Name of source: Reuters
SOURCE: Reuters (3-5-10)
The solemn visit is an annual tradition for communists steeped in nostalgia for the Soviet era. But this year, it comes as Russia's bitter debate over Stalin's legacy sharpens ahead of May 9 celebrations marking 65 years since the Nazi defeat.
For the first time in decades, Stalin's image may appear among the banners and posters that Moscow authorities put up for Victory Day, which will draw foreign leaders to Moscow as guests of the government.
City plans to set up 10 information stands describing Stalin's role in the war have deepened animus between Russians who loathe him and their compatriots who love him.
SOURCE: Reuters (3-4-10)
The House of Representatives Foreign Affairs Committee voted 23-22 to approve the non-binding resolution, which calls on President Barack Obama to ensure U.S. policy formally refers to the killings as genocide.
The action cleared the way for the measure to be considered by the full House but it was unclear whether it would actually come to a vote there. The Obama administration and Turkey had pressed lawmakers to drop the matter.
The vote triggered an immediate condemnation from Turkish Prime Minister Tayyip Erdogan, who recalled Turkey's ambassador to Washington for consultations. Erdogan said he worried the measure would harm Turkish-U.S. ties and efforts by Muslim Turkey and Christian Armenia to end a century of hostility.
The vote put Obama in a tight spot between his desire to maintain good relations with Turkey, a Muslim but secular democracy that plays a vital role for U.S. interests from Iran to Afghanistan to the Middle East.
On the one side is NATO ally Turkey, which rejects calling the events genocide. On the other side is an important U.S. Armenian-American constituency and their backers in Congress ahead of congressional elections in November....
Name of source: Boston Globe
SOURCE: Boston Globe (2-5-10)
Based on a popular British series with the same title, “Who Do You Think You Are?’’ is the People magazine version of PBS’s “Faces of America With Henry Louis Gates Jr.’’ Each episode is devoted to a single star, as he or she travels from expert to historian to family member for factual ancestral information. Tonight, Parker traces her family tree back and back, traveling from New Jersey, where we meet her mother, to Cincinnati to California to, finally, Boston and Salem. Turns out Parker may be related to someone involved in the Salem witch trials.
True to its reality-TV roots, “Who Do You Think You Are?’’ is presented in heavily dramatized terms. The narration is over-baked and, at times, unintentionally funny, such as when the narrator announces, “Coming up, Sarah Jessica finds out whether her ancestor was accused of being a witch.’’ The soundtrack music and montages are also manipulative and intrusive. And each discovery Parker makes is an opportunity for her to appear stunned, blown away, moved, and touched - to perform just a little bit.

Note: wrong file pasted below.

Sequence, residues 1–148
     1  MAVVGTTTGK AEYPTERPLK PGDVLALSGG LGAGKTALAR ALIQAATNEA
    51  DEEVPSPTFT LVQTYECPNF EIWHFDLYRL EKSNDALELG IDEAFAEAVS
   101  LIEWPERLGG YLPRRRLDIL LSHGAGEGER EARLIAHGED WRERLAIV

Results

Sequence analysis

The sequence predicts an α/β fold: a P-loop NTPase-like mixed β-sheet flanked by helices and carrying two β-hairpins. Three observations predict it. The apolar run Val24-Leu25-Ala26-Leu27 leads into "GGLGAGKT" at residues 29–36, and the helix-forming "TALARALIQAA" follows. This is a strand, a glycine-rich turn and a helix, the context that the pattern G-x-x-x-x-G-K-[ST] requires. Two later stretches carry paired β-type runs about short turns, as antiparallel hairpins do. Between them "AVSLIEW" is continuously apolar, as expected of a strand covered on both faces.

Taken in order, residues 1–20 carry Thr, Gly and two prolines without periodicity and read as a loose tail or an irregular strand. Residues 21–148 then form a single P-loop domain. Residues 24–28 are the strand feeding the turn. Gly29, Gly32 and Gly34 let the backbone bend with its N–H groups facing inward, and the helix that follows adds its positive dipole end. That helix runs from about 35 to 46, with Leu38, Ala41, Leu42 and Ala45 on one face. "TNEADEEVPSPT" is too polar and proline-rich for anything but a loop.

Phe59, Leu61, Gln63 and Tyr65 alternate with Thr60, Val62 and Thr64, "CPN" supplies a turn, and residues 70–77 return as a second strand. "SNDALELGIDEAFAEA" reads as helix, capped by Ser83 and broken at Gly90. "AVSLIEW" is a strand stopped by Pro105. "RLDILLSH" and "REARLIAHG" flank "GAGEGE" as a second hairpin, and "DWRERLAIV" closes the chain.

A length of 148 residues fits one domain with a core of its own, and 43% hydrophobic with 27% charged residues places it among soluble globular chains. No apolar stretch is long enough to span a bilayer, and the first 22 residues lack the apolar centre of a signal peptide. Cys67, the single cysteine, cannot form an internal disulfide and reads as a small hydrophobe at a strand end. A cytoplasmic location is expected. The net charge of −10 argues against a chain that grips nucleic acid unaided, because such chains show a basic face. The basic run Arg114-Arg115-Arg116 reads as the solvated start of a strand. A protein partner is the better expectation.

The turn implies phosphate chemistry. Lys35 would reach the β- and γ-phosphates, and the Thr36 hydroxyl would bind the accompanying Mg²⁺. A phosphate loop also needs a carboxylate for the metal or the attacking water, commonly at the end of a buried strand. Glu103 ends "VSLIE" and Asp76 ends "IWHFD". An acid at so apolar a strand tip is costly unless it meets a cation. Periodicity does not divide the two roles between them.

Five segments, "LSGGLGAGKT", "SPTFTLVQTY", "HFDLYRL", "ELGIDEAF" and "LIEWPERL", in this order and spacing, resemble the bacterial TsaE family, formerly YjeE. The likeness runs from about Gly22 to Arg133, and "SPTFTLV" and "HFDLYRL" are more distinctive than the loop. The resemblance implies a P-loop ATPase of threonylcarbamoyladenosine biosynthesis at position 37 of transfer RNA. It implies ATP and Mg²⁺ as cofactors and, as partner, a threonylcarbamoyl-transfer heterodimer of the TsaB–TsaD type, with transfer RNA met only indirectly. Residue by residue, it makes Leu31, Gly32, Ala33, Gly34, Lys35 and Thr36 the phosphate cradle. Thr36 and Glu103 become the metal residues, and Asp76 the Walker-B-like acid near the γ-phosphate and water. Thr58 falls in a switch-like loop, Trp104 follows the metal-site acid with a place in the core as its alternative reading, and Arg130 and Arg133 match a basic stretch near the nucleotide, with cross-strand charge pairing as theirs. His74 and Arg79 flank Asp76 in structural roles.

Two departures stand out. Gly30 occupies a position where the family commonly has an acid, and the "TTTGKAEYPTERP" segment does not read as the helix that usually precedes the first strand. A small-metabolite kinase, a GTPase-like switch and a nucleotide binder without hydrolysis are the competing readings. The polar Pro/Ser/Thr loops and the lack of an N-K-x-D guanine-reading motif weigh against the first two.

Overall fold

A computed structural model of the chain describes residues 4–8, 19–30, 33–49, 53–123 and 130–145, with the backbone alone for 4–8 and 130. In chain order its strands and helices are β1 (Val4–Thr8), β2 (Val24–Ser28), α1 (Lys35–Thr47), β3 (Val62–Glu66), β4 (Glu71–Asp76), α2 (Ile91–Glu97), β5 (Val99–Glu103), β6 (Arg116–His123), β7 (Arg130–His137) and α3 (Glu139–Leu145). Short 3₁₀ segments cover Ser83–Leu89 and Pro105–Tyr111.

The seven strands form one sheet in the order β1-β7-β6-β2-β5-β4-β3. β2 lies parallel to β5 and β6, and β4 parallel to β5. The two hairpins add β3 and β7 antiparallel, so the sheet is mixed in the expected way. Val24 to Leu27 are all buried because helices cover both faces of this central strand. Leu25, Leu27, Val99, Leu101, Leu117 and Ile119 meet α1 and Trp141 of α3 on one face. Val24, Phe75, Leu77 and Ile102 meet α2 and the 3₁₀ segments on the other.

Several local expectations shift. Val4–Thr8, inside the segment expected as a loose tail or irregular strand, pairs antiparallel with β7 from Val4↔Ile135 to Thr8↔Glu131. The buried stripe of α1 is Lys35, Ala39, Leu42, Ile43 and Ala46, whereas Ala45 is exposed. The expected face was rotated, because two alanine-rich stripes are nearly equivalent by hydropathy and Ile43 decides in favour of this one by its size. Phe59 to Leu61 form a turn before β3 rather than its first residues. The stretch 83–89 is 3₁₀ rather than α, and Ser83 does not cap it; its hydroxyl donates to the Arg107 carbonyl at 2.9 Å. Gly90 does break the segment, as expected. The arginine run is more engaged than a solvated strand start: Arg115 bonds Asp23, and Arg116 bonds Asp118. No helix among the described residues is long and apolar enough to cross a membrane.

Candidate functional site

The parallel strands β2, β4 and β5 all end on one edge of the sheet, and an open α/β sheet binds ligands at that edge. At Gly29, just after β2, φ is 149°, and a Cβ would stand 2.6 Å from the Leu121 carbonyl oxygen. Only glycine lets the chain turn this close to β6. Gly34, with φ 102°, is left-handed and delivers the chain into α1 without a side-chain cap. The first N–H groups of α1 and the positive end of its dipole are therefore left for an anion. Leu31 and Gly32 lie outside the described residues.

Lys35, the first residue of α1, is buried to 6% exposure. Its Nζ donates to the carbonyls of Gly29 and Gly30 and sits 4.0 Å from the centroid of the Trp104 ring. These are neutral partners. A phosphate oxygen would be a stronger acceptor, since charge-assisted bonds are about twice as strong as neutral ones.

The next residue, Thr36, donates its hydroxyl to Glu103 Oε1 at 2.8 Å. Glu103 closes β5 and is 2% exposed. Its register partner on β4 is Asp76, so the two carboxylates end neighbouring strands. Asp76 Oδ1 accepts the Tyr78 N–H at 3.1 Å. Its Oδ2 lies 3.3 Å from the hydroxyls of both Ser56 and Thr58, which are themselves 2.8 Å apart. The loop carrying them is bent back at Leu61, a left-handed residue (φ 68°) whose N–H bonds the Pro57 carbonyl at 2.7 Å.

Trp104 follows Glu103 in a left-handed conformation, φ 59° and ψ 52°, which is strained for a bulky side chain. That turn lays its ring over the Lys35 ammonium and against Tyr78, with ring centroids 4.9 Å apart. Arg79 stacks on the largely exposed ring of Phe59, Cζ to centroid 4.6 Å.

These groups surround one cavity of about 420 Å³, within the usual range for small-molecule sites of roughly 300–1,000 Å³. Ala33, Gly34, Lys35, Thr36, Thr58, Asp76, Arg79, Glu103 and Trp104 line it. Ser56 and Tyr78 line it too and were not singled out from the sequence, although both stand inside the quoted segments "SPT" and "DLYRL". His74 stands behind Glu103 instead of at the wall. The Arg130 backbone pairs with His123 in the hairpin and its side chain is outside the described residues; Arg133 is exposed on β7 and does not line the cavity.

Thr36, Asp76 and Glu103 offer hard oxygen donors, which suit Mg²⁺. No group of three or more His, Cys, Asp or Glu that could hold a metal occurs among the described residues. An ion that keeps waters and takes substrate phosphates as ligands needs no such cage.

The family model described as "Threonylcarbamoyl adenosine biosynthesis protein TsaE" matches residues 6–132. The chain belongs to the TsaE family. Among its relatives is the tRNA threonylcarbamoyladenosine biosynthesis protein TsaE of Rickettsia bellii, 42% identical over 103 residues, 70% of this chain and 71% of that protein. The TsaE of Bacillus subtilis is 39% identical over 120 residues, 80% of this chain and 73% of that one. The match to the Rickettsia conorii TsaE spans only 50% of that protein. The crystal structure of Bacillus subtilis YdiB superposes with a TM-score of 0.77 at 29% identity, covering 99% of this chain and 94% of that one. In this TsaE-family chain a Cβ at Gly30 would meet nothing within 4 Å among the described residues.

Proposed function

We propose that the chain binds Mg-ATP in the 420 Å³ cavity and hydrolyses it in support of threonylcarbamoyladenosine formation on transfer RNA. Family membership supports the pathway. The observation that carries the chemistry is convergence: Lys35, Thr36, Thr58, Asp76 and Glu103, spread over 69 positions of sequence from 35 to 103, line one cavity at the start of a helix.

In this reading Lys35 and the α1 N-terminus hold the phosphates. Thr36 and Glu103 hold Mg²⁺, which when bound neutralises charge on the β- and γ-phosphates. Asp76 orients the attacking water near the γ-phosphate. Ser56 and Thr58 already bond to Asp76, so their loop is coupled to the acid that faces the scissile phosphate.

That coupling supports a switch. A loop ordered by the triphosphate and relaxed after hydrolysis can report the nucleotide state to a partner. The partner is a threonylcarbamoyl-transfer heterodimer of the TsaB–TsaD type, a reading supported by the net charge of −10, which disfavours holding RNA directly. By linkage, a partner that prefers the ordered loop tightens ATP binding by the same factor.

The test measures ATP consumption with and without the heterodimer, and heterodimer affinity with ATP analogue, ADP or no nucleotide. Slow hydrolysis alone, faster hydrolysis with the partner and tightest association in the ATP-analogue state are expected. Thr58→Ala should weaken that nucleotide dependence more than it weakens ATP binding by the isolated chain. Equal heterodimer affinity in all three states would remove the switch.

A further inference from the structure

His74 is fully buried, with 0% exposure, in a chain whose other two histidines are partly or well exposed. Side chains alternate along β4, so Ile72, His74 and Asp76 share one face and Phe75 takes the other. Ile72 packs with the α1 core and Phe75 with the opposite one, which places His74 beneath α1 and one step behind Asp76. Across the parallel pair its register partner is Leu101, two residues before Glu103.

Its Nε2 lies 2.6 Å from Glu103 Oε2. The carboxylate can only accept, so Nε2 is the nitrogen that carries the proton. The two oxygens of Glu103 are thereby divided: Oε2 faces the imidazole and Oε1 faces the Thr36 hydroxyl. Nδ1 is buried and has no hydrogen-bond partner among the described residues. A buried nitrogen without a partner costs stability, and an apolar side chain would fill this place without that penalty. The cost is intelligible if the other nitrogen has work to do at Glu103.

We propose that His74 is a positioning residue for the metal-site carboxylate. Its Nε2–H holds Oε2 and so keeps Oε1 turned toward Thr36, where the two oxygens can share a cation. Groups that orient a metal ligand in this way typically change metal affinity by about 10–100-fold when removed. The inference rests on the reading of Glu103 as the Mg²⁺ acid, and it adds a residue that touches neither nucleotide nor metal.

Name of source: Armenian Weekly
SOURCE: Armenian Weekly (3-2-10)
During the flowering of Turkish-Israeli political and security relations, it was easy for representatives of the “organized” Jewish community to speak on behalf of its Turkish friends and against the resolution. As the Turkish government began to slide—and then rush—away from its relationship with Israel and slide—and then rush—toward new accommodations with Syria and Iran, the Jewish community has become less inclined to use its organizational skill on behalf of the agenda of a country that is less inclined toward the Western side of the great divide. It doesn’t help that the Turkish “request” for “help” has begun to sound more like a threat of damage yet to come....
To the extent that either side believed opposition to the resolution was a test of loyalty, or tied it to extraneous issues, they made a mistake. The Armenian resolution—driven largely by the Armenian American community—should be opposed and defeated. But the reasons stand without regard to the (increasingly difficult) behavior of the Turkish government and without regard to (increasingly difficult) Turkish-Israeli or Turkish-American relations....
Name of source: SPACE.com
SOURCE: SPACE.com (3-2-10)
The quake, the seventh strongest earthquake in recorded history, hit Chile Saturday and should have shortened the length of an Earth day by 1.26 milliseconds, according to research scientist Richard Gross at NASA's Jet Propulsion Laboratory in Pasadena, Calif.
"Perhaps more impressive is how much the quake shifted Earth's axis," NASA officials said in a Monday update.
The computer model used by Gross and his colleagues to determine the effects of the Chile earthquake effect also found that it should have moved Earth's figure axis by about 3 inches (8 cm or 27 milliarcseconds).